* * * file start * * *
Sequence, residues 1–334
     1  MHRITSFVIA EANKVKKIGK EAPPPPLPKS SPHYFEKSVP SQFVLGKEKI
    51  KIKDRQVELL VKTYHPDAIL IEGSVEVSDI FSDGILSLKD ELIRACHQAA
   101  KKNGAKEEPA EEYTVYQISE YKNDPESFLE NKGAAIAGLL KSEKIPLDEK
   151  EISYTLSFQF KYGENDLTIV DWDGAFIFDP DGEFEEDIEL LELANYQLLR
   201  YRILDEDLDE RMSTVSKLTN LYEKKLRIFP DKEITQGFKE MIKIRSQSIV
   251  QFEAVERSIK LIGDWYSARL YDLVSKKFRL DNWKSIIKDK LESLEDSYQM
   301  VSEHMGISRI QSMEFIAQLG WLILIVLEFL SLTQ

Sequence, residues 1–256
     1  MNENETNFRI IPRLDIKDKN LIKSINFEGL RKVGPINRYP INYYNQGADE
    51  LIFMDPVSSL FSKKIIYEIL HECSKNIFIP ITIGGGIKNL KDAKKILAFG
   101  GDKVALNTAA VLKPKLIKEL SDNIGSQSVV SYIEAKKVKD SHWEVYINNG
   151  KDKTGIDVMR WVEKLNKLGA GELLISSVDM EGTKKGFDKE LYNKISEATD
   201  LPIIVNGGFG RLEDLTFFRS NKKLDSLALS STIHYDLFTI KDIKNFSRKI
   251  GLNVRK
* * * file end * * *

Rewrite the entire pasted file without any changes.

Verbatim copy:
Sequence, residues 1–334
     1  MHRITSFVIA EANKVKKIGK EAPPPPLPKS SPHYFEKSVP SQFVLGKEKI
    51  KIKDRQVELL VKTYHPDAIL IEGSVEVSDI FSDGILSLKD ELIRACHQAA
   101  KKNGAKEEPA EEYTVYQISE YKNDPESFLE NKGAAIAGLL KSEKIPLDEK
   151  EISYTLSFQF KYGENDLTIV DWDGAFIFDP DGEFEEDIEL LELANYQLLR
   201  YRILDEDLDE RMSTVSKLTN LYEKKLRIFP DKEITQGFKE MIKIRSQSIV
   251  QFEAVERSIK LIGDWYSARL YDLVSKKFRL DNWKSIIKDK LESLEDSYQM
   301  VSEHMGISRI QSMEFIAQLG WLILIVLEFL SLTQ

Sequence, residues 1–256
     1  MNENETNFRI IPRLDIKDKN LIKSINFEGL RKVGPINRYP INYYNQGADE
    51  LIFMDPVSSL FSKKIIYEIL HECSKNIFIP ITIGGGIKNL KDAKKILAFG
   101  GDKVALNTAA VLKPKLIKEL SDNIGSQSVV SYIEAKKVKD SHWEVYINNG
   151  KDKTGIDVMR WVEKLNKLGA GELLISSVDM EGTKKGFDKE LYNKISEATD
   201  LPIIVNGGFG RLEDLTFFRS NKKLDSLALS STIHYDLFTI KDIKNFSRKI
   251  GLNVRK